Better statement: “I understand why you feel sad.” 

Sometimes we forget that feelings exist on a spectrum. You can feel sad, hurt, and/or mad about a situation without it consuming your life. There’s a misconception that feeling sad means you’re devastated. You can be bummed but still go to work the next day. Also, not allowing someone to feel sad does more harm than good. One way or another, those feelings are going to come out, whether it be snapping at a tourist on the subway or at a barista getting their caramel macchiato order wrong. Help your friend save themselves — and innocent bystanders — from these unwarranted outbursts and encourage them to just feel all the feels. 

Bad statement: “I hope you’re almost all over this.”
Better statement: “I’m here for as long as you need me.”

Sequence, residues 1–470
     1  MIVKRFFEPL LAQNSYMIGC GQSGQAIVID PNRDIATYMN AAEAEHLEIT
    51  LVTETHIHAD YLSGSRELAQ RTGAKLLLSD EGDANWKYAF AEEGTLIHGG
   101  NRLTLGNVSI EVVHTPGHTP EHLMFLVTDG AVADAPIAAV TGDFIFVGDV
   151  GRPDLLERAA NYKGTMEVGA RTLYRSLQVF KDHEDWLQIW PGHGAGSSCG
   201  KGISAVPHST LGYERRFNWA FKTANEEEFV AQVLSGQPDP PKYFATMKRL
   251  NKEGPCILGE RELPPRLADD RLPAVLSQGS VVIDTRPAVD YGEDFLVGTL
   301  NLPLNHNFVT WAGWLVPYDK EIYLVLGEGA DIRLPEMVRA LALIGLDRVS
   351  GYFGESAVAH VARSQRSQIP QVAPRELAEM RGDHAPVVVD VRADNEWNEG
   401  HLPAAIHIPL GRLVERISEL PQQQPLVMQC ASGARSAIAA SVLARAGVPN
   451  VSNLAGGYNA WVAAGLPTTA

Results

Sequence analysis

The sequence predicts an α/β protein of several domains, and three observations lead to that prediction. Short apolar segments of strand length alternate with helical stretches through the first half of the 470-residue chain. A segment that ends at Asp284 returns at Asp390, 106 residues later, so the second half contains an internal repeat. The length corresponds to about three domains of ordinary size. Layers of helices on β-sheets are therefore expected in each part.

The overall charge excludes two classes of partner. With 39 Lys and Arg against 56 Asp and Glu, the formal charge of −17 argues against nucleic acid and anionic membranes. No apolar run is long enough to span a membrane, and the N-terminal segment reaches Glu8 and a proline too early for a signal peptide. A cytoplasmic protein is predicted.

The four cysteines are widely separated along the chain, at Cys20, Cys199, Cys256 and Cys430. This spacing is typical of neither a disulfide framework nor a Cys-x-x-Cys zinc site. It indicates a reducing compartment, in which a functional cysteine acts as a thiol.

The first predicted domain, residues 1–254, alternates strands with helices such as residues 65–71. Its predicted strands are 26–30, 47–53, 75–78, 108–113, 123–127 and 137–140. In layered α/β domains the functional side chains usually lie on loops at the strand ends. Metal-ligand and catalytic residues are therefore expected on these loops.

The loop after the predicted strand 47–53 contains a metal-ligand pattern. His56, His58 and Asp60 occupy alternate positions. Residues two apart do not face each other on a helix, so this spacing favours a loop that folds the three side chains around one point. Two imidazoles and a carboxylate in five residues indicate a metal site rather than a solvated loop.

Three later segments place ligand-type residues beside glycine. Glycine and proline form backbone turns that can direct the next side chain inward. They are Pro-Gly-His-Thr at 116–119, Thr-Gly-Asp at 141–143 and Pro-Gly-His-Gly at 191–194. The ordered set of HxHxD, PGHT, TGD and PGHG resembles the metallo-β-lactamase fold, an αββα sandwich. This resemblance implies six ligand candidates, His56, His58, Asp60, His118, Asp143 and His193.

Putting our own timeline on someone else’s loss is not helpful to that individual. The path of healing is unique for each person. Encouraging that person to adhere to your recovery timeline can feel condescending. It may imply that you think you know what is better for that person than they do. When in doubt, listen more; offer less advice. Being present in itself can be powerful.

Bad statement: “It was bound to happen.”
Better statement: “I wish I knew what to say. If you’d like to join me at the gym or the movies or dinner, I’d like that.” 

The idea that this person had to see the end of this relationship coming may be an insult to their sense of judgment. Acknowledging that there is no easy response to the situation honors the complexity of the loss and shows authenticity.

Bad statement: “You’re still so young!”
Better statement: “I’m always a phone call away.” 

Avoid phrases that pressure a person to conform to a timeline or deadline.This adds another layer of stress and judgment.

Bad statement: “It’s for the best!”
Better statement: “I’m sorry you have to go through this.”